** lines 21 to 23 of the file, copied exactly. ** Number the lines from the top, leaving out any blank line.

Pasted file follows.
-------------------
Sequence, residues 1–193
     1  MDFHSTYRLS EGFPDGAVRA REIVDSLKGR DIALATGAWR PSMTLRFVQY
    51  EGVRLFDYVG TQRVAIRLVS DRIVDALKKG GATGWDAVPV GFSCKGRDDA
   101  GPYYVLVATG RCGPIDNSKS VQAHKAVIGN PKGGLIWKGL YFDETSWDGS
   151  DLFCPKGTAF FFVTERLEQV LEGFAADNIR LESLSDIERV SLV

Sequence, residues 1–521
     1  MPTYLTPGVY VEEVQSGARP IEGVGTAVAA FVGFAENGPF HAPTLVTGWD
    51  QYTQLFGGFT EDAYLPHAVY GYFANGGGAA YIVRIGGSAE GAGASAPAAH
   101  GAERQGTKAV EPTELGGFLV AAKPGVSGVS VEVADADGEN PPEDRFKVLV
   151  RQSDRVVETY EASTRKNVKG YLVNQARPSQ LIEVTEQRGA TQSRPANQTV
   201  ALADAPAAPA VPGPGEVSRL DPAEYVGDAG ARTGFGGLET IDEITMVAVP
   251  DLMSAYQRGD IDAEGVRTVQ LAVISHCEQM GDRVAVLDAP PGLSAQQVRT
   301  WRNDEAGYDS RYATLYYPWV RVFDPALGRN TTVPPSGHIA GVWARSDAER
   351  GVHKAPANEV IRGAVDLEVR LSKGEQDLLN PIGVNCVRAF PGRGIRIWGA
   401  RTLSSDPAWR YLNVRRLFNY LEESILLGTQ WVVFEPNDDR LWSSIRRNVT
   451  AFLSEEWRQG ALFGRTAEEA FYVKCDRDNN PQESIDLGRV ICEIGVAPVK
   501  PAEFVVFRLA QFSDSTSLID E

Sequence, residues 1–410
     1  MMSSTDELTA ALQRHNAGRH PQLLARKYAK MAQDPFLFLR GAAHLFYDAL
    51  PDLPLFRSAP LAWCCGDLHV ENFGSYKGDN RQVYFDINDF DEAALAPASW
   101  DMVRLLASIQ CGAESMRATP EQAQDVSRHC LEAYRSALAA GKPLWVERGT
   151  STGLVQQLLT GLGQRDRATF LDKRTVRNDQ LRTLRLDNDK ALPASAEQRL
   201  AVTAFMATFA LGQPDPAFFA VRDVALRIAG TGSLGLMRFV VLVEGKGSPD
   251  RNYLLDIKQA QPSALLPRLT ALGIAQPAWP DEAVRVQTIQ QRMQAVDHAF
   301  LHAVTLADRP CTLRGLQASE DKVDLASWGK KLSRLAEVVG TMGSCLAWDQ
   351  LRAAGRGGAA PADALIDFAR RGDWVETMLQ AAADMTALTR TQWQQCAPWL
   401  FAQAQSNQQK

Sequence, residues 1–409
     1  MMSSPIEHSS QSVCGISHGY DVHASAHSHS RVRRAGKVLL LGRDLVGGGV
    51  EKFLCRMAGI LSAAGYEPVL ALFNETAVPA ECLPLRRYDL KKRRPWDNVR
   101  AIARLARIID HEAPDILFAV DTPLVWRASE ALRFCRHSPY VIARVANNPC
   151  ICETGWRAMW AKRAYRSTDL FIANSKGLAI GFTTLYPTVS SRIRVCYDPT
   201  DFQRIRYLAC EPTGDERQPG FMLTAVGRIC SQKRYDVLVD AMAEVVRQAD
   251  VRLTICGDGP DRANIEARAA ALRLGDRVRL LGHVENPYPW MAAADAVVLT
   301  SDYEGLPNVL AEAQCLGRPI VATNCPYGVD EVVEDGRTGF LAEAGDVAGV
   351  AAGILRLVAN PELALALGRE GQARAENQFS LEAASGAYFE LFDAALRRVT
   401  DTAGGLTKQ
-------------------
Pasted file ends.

   101  DMVRLLASIQ CGAESMRATP EQAQDVSRHC LEAYRSALAA GKPLWVERGT
   151  STGLVQQLLT GLGQRDRATF LDKRTVRNDQ LRTLRLDNDK ALPASAEQRL
   201  AVTAFMATFA LGQPDPAFFA VRDVALRIAG TGSLGLMRFV VLVEGKGSPD